Africa

The Liberian bikers who wear pink to stop getting robbed

Motorcycle taxis Image copyright Ricci Shryock

Female motorcycle taxi drivers in Liberia were fed up with being robbed. So they formed a collective, called it the Pink Panthers and donned bright helmets and jackets which made sure they were easy to spot.

Image copyright Ricci Shryock
Image caption Dearest Coleman was working as a motorcycle taxi driver when passengers directed her into an ambush. When she didn't hand over her keys, the thieves beat her up and stole her bike.
Image copyright Ricci Shryock
Image caption So she now has to rent her bike. It costs 500 Liberian dollars (US$6; £4) each day. She aims to own her own bike again in the future.
Image copyright Ricci Shryock
Image caption Ms Coleman has been working as a motorcycle taxi driver for over five years. They are used by lots of people to get around Monrovia. Her customers can be commuters, schoolchildren and shoppers.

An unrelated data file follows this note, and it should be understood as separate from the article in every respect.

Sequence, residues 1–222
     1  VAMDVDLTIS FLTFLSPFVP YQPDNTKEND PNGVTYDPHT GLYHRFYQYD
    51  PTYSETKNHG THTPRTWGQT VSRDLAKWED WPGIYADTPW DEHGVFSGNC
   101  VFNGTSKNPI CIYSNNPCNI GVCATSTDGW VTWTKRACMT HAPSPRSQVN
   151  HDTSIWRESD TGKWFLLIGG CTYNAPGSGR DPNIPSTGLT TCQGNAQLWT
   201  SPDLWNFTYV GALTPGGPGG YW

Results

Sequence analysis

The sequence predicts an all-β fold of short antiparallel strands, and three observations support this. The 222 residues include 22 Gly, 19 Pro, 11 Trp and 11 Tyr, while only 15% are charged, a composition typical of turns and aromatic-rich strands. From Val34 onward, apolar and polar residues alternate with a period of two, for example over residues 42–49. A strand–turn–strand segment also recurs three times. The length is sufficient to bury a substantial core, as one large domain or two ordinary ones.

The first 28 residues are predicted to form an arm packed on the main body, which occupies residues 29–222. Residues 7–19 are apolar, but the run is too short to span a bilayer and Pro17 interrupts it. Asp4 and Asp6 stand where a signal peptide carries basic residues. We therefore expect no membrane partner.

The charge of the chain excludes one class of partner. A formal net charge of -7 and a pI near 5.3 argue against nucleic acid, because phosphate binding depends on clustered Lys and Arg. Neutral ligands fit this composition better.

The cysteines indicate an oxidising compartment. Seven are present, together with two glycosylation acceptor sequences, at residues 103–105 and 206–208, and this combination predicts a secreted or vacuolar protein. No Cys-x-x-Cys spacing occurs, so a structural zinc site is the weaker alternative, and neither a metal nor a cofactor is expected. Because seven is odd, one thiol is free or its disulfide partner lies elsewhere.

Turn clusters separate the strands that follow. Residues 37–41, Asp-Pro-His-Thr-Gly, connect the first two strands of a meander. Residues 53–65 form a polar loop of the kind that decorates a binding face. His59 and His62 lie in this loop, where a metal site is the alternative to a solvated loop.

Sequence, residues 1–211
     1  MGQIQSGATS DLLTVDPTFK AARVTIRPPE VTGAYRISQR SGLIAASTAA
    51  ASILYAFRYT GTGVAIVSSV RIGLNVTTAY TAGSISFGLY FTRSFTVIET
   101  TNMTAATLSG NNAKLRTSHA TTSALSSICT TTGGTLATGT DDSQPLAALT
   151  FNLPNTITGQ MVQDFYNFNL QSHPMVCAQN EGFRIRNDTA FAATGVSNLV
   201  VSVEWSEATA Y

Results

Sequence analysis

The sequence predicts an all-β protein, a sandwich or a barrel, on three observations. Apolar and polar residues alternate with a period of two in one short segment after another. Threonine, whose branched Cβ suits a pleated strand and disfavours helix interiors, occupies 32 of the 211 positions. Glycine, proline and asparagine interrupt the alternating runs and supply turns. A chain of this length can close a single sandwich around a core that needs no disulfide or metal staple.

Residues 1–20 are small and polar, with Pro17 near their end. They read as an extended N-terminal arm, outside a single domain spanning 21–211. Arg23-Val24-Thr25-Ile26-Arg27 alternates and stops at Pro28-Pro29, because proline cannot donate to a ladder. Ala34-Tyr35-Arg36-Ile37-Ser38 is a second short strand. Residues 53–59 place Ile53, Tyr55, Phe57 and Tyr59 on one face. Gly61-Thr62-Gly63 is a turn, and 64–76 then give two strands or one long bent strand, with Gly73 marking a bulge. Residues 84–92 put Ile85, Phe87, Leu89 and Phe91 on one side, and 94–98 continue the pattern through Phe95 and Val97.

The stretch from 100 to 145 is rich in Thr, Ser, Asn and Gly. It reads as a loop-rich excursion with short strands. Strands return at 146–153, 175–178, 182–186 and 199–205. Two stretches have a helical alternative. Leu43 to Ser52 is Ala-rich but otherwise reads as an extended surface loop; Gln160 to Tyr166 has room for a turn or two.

Image copyright Ricci Shryock
Image caption She works from 5:00 to 21:00 most days. That doesn't leave much time for her to spend time with her children.
Image copyright Ricci Shryock
Image caption With nine other women, she formed the Pink Panther women's motorbike taxi collective in January.
Image copyright Ricci Shryock
Image caption At first they found women were hesitant to hire a female taxi driver.
Image copyright Ricci Shryock
Image caption Female motorcyclists are almost unheard of in Monrovia, says Henrietta Tolbert from the Angie Brooks International Centre for Women's Empowerment. They provided the striking pink helmets.
Image copyright Ricci Shryock
Image caption Ms Coleman says she still doesn't feel safe. "We have a whole lot of struggle, a whole lot of challenges."
Image copyright Ricci Shryock
Image caption But she says she wants more women to join the collective.